Space Leak

A Haskell Sore Spot

When a program retains memory longer than the programmer expects,
it is said to leak space[1]

Quoting from Neil Mitchell’s 2013 article in ACM Queue:

“[Writers of] compilers for lazy functional languages have been dealing with space leaks for more than 30 years and have developed a number of strategies to help. ... Despite all the improvements, space leaks remain a thorn in the side of lazy evaluation, producing a significant disadvantage to weigh against the benefits.”

“Pinpointing space leaks is a skill that takes practice and perseverance. Better tools could significantly simplify the process.”

The Haskell applications programmer is well aware that space leak poses a significant impediment to development. [2] In fact, any large Haskell program, even carefully coded by skilled programmers, will typically exhibit space leak compounded of multiple causes. The most serious cases are catastrophic, requiring urgent measures for development and testing to proceed. Such dire leaks can arise several times per week.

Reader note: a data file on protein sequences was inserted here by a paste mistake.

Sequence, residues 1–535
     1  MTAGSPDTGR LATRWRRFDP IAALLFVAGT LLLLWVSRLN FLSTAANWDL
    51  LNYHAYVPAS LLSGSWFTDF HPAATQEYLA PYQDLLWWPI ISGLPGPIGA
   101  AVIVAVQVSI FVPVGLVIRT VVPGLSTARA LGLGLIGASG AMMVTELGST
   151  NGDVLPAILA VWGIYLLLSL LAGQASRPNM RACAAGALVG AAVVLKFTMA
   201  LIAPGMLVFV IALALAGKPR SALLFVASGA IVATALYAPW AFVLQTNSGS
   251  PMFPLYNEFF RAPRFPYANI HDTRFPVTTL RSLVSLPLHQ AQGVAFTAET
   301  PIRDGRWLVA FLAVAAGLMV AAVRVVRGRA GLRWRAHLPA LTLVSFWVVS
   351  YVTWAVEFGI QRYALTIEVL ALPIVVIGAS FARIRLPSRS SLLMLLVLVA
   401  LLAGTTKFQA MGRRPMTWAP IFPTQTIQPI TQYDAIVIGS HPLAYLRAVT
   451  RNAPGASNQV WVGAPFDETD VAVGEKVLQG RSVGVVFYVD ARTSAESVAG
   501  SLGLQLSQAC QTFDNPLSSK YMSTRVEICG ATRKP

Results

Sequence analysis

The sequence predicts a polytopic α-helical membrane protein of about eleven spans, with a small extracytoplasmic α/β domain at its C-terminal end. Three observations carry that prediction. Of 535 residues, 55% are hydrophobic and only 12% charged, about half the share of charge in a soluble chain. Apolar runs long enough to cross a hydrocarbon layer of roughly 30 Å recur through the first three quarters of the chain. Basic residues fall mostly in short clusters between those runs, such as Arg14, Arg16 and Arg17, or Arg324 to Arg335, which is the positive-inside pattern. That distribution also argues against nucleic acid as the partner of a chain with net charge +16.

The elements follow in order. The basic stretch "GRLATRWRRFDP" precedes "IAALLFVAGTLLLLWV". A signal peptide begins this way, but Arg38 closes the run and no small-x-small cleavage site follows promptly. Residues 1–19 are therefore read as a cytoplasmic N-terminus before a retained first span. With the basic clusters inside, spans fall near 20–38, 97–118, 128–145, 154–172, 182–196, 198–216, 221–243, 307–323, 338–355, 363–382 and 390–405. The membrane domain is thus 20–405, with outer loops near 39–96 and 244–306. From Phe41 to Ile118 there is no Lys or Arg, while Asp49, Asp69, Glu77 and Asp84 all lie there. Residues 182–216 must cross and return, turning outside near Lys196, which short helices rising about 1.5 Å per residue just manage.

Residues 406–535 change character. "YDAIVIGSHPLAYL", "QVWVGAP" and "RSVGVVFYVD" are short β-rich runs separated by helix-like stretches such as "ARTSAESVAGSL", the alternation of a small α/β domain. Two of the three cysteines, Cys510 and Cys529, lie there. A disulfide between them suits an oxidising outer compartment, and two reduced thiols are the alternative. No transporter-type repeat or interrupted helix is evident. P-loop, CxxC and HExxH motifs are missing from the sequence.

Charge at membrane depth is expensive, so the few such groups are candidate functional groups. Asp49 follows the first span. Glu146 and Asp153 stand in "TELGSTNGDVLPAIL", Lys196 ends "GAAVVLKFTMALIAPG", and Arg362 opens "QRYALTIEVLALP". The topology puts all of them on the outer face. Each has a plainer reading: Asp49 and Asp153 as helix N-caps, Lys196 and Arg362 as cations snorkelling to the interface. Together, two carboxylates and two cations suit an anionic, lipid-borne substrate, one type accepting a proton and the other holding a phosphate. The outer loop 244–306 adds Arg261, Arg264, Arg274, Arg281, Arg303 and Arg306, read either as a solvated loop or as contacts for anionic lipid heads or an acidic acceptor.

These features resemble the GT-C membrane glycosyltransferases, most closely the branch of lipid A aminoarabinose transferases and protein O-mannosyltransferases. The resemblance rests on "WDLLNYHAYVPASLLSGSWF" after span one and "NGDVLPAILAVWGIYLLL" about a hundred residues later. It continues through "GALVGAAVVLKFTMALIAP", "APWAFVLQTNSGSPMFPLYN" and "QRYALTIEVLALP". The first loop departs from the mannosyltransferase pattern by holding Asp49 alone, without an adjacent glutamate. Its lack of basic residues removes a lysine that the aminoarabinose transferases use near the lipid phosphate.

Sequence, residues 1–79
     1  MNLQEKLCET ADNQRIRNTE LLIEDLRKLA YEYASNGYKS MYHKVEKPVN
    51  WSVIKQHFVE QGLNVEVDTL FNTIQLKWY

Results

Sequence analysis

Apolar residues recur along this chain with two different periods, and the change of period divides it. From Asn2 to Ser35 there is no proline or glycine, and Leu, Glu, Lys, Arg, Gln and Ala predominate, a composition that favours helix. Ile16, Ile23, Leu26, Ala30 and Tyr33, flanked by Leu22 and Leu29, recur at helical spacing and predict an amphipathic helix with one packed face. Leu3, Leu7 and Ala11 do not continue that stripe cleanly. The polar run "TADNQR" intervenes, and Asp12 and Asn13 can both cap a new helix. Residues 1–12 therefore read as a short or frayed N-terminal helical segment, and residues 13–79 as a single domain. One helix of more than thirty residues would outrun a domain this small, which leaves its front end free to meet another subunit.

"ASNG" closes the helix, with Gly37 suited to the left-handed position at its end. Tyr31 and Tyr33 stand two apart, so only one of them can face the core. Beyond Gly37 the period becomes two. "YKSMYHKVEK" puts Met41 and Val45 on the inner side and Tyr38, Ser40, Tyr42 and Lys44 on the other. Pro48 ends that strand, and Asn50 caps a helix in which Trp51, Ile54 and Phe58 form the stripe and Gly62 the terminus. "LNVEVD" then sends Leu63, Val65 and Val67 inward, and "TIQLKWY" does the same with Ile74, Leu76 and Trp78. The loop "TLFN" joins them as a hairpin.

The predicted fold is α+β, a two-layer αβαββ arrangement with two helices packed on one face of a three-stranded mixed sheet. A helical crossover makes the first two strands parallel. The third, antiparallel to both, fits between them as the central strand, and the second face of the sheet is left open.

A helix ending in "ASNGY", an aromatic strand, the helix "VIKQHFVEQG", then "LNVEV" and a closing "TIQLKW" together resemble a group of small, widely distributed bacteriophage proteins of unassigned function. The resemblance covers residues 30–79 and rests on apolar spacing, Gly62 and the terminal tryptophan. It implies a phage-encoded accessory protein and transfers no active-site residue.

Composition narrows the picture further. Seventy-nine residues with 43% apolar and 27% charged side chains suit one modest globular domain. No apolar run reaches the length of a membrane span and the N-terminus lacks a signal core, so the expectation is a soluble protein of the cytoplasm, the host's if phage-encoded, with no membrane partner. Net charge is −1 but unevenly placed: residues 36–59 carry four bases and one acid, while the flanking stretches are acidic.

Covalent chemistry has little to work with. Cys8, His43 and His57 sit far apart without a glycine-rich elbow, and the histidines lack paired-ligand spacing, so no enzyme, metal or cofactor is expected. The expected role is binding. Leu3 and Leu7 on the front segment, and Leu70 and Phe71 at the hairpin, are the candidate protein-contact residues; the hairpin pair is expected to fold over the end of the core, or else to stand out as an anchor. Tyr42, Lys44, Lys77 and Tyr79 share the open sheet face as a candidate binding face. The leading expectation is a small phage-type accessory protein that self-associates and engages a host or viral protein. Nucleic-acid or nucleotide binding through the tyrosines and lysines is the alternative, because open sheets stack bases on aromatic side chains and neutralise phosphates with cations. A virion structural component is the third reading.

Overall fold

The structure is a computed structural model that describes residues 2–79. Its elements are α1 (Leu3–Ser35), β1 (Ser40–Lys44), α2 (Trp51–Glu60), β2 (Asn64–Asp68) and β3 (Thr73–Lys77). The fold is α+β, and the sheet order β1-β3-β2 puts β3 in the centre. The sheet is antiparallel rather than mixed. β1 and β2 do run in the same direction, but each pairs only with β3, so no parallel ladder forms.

The problem stems from the lazy evaluation model of Haskell [3] which has been discussed at length elsewhere (see Related).



All space leak degrades performance, and production-quality programs should eradicate as much leak behaviour as possible. [4] Difficulty ranges from distracting (minutes) to formidable (days, or worse). This steers development resources away from the application domain, forcing one to resort to bag-of-tricks hackery in attempting to isolate and resolve the more serious leaks as they arise. Understanding what’s going on requires thinking about memory at a low level, and the abstractions involved are more complex than traditional block allocation. For space leak debugging, the current best practises constitute a black art. Leak behaviour is also extremely sensitive to build configuration (compiler version, and flags such as optimisation level).